Crewing, that is supporting a runner by driving to designated aid stations and having the runner’s gear available and helping the runner get ready for the next stage of the race, is another way to help out that is also a great learning opportunity for you. Since you’ll see your runner at several points along the route, the progression from fresh, optimistic runner to struggling, survivor runner will be apparent to you. You’ll also tend to see the same runners coming through over and over again, the runners that are on about the same pace as your runner. Watch how each runner deals with the stresses of the run and what seems to be working for the runners who are engaged and eager to continue. The joke is that “crew” is an acronym for Crabby Runner, Endless Waiting. Don’t be surprised if your humble, cuddly runner turns into a snarling fussbudget. Many runners react to the pain and weariness late in a race this way. Be prepared to stay calm and helpful and tuck this experience away for your own run in the future so you can recognize the mental state you might be in some day.
Have your runner’s gear spread out on a towel before he or she arrives so you are ready to quickly provide anything needed. Also check out what is available to eat or drink at that aid station. Your runner may want to sit and relax while you bring over the turkey sandwich and soup. Keep the runner sipping drinks and eating as much as possible, and don’t be afraid to jump in and change the runner’s shoes and socks if necessary. On a hot day, wet a towel and drap it over the back of the runner’s neck. You might be the difference between the runner phasing out on what needs to be done at that aid station and eventually dropping out, or the runner succeeding because you helped during a bad patch. As you’re crewing adventure unfolds, think about how you will want your own crew to deal with you when you’re the runner.
Probably the most rewarding way to help a runner is by pacing, where you accompany the runner over part of the course, usually the last half of the race. Now you experience the runner’s struggle intimately, step by step, and you see decision by decision how eating and drinking, changing shoes and socks, resting or pushing on affects the runner’s ability to keep going and to finish. You are there not so much to “pace” the runner as to provide good company, to keep the runner on course, to be sure the runner is safe, to encourage eating and drinking, and to help the runner deal with the aid stations. A good pacer comes prepared. Learn about the section of the course you’ll be running or pre-run it if you can. Be ready with some jokes or stories to divert the runner’s attention if the runner feels like talking. Be positive. Keep things moving at the aid stations. But be aware that some runners might just want to shuffle along in silence, can’t be hurried, or might react best to some tough love versus a gentle push. All the insights you garner from pacing a runner can be fodder for reflection on your own running.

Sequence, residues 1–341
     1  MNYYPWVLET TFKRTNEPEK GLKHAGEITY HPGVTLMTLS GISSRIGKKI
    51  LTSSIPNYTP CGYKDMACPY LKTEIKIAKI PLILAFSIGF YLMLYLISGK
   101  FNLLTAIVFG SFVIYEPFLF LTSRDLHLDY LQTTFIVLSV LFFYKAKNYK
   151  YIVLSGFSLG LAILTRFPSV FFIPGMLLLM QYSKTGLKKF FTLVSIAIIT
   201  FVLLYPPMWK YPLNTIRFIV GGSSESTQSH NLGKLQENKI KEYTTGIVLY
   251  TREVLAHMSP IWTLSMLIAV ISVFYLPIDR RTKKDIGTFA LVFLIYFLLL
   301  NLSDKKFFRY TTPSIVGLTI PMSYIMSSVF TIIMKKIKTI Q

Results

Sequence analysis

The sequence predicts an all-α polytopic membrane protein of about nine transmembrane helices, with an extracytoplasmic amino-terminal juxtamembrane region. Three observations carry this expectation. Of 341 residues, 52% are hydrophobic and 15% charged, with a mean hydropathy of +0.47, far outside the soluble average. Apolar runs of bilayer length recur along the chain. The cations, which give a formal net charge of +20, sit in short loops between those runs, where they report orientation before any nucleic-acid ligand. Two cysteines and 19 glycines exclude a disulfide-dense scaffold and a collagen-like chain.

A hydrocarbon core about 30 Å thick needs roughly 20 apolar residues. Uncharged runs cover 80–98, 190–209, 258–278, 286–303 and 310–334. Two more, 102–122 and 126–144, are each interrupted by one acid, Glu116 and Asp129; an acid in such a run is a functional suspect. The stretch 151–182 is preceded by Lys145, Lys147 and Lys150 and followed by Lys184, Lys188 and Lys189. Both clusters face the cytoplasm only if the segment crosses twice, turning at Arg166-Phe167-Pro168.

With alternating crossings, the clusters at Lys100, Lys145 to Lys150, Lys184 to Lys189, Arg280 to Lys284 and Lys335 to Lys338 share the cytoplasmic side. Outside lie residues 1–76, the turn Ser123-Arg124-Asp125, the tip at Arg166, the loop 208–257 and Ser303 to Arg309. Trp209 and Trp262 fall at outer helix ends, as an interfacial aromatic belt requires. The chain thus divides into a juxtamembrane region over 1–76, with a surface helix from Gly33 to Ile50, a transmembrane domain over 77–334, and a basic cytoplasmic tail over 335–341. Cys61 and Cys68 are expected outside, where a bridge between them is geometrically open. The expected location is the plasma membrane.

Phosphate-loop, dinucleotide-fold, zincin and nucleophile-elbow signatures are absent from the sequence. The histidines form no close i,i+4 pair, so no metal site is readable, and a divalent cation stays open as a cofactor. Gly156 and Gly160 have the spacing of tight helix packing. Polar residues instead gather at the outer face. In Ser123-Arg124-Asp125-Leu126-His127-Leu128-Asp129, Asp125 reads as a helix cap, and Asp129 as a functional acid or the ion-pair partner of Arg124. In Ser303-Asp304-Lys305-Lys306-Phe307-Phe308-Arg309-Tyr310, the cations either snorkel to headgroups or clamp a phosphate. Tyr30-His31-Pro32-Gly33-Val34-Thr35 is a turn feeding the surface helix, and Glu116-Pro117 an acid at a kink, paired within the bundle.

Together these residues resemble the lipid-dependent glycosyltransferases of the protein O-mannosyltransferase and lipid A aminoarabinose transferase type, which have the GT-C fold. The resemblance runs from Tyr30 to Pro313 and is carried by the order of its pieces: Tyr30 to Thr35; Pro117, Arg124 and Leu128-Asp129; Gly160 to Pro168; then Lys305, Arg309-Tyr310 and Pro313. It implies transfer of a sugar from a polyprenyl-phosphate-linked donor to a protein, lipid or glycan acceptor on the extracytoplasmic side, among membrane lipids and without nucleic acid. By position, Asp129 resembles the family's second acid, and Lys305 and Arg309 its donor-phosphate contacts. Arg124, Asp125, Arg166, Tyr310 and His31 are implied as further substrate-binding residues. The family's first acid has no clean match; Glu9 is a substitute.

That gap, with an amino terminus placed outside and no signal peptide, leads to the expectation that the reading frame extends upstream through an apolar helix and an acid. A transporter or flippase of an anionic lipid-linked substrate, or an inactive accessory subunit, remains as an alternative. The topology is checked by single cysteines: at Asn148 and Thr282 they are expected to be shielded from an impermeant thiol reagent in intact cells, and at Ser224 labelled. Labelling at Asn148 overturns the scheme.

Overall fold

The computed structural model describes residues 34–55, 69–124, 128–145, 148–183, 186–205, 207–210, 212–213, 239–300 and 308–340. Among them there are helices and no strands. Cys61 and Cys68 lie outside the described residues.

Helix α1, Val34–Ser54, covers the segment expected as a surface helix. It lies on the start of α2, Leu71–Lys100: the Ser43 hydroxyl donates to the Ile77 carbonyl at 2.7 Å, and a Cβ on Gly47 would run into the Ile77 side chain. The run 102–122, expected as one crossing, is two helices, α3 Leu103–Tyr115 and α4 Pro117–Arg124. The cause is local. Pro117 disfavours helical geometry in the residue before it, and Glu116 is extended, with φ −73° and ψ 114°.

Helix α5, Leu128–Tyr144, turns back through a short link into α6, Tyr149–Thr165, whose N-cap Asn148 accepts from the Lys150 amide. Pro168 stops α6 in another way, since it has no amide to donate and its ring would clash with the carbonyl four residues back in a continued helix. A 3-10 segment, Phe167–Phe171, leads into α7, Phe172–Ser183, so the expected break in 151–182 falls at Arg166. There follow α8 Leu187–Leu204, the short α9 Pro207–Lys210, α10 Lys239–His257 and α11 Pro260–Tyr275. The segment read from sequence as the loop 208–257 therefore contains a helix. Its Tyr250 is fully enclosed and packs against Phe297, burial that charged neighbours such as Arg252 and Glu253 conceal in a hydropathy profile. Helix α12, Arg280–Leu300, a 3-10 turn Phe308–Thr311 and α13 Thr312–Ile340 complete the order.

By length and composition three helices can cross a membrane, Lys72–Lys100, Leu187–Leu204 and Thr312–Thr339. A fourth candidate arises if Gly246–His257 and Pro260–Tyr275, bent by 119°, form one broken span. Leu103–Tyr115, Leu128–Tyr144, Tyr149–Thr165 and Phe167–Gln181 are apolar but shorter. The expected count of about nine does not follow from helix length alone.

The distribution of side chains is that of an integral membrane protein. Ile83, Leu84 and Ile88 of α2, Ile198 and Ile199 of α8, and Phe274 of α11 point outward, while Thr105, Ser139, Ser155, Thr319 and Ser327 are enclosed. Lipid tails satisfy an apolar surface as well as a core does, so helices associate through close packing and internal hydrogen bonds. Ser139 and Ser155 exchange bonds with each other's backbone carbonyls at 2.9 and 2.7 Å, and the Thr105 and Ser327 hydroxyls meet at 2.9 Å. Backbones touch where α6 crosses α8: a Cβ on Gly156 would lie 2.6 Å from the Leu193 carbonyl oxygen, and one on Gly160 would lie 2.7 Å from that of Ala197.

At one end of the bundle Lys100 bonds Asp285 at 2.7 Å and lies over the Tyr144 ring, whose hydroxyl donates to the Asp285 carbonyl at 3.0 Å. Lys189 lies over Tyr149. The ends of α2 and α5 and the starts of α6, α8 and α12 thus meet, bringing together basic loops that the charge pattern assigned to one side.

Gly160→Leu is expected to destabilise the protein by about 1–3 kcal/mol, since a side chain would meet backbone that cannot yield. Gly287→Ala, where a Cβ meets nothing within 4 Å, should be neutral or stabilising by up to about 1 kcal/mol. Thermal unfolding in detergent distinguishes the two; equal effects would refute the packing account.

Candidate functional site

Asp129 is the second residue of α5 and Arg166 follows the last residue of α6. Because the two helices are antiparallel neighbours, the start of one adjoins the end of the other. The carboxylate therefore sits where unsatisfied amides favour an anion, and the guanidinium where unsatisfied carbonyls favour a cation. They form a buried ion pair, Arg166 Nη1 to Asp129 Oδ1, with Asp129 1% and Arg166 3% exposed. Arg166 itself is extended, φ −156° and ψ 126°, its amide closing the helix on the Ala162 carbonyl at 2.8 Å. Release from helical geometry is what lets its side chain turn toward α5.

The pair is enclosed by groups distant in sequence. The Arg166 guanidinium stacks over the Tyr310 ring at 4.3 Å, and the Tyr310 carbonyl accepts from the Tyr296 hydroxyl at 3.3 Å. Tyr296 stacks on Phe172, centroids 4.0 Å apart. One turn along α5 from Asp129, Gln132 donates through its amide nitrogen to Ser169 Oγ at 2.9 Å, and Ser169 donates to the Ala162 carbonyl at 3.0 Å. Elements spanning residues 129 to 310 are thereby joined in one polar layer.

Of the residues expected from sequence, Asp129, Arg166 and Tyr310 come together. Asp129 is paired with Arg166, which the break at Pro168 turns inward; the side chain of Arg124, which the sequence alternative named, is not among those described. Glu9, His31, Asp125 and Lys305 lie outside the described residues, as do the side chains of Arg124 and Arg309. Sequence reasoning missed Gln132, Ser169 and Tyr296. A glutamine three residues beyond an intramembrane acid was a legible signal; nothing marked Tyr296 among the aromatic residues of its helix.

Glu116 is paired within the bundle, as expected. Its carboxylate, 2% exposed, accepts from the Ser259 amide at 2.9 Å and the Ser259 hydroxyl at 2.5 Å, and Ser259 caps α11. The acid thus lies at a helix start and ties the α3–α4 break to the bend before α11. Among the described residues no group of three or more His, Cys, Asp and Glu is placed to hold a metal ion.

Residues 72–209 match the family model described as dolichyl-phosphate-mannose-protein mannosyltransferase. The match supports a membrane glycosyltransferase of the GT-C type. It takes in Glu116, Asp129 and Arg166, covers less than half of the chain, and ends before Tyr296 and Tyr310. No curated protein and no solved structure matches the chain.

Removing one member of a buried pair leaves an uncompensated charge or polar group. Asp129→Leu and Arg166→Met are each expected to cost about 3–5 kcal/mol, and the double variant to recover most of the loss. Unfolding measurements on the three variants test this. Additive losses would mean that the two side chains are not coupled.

As you progress as an ultrarunner, you will inevitably experience a lot of painful learning from your own mistakes. But if you pay close attention to what is happening around you while you’re volunteering, crewing, or pacing, you may just experience the more enviable process of learning from other people’s mistakes.